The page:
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Iran Earthquake Relief

On 26 December 2003, an earthquake measuring 6.5 on the Richter scale hit the ancient city of Bam in the southwest of Iran. About 40 000 inhabitants lost their lives and 85%of the buildings were destroyed. In its wake, families were destroyed and many children orphaned.

CRS was privileged to be given the opportunity by the Iranian government to participate in food distribution to BAFIA camp which is home to 2000 surviving inhabitants.

We participated in 4 months of food distribution, sending 7 teams to Bam. Through our interaction with the community and sharing in their grief, our volunteers were touched and inspired to see such resourcefulness and courage in the midst of such devastation.

2004
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Aceh Tsunami Rebuilding Projects

The Aceh Tsunami Rebuilding Projects are a series of different projects to provide for the needs of Aceh residents after Tsunami in December 2004.

The first project involved the replacement of 300 fishing boats for the fishermen from the Pulau Banyak Islands and Singkil after the tsunami so they might continue their livelihood.

The second project included the provision an ice making machine and 2 logistic boats for the fisherman to consolidate their catch for transport elsewhere for sale.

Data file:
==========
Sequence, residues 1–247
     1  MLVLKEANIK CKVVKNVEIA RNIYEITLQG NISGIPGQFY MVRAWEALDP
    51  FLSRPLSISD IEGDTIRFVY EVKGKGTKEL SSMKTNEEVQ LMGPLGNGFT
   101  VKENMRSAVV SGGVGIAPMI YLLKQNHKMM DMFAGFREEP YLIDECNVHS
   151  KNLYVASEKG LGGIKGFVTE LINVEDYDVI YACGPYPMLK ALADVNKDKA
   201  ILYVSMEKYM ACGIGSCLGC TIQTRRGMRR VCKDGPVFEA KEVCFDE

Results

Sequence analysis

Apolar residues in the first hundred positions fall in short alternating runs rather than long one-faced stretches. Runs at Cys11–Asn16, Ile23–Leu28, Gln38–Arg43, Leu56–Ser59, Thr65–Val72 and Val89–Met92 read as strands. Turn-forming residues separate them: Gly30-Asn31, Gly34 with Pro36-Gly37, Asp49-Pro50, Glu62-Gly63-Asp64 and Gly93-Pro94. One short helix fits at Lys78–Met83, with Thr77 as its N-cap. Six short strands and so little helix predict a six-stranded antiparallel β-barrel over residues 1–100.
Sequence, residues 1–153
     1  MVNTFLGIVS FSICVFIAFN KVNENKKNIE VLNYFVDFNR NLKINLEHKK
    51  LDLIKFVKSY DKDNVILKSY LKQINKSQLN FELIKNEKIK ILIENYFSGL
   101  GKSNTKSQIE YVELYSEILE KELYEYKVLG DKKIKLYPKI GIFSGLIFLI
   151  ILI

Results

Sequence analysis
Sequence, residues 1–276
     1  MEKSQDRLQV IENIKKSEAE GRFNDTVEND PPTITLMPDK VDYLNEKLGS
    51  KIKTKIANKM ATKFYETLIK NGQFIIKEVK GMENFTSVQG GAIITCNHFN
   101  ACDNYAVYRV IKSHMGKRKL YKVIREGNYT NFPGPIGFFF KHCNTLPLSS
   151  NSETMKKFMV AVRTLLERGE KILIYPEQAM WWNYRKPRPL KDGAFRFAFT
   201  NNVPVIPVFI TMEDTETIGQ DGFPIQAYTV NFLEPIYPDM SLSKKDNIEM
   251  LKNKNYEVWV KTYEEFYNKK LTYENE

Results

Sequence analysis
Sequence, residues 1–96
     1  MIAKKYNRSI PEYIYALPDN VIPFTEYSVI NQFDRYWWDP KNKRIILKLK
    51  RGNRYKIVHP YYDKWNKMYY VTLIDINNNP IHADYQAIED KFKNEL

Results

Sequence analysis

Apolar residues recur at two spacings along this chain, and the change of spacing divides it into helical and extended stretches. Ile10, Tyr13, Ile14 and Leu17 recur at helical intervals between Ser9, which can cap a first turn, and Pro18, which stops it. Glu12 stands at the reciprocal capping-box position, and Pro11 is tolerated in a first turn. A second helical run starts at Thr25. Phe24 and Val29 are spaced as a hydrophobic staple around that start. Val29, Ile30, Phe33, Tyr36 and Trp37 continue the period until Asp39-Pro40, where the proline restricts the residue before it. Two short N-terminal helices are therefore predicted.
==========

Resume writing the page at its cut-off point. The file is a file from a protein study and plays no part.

In the third project, our volunteers to set up mobile clinic and provided teachers’ training in Nias.

The last project involved reconstruction of the only secondary school
in the Pulau Banyak Islands badly damaged by the tsunami.

Most of these projects were co-funded by the
Tidal Wave Asia Fund from the Singapore
Red Cross Society.

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Iran Earthquake Relief

On 26 December 2003, an earthquake measuring 6.5 on the Richter scale hit the ancient city of Bam in the southwest of Iran. About 40 000 inhabitants lost their lives and 85%of the buildings were destroyed. In its wake, families were destroyed and many children orphaned.

CRS was privileged to be given the opportunity by the Iranian government to participate in food distribution to BAFIA camp which is home to 2000 surviving inhabitants.

We participated in 4 months of food distribution, sending 7 teams to Bam. Through our interaction with the community and sharing in their grief, our volunteers were touched and inspired to see such resourcefulness and courage in the midst of such devastation.

2003
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Mongolia Winter Relief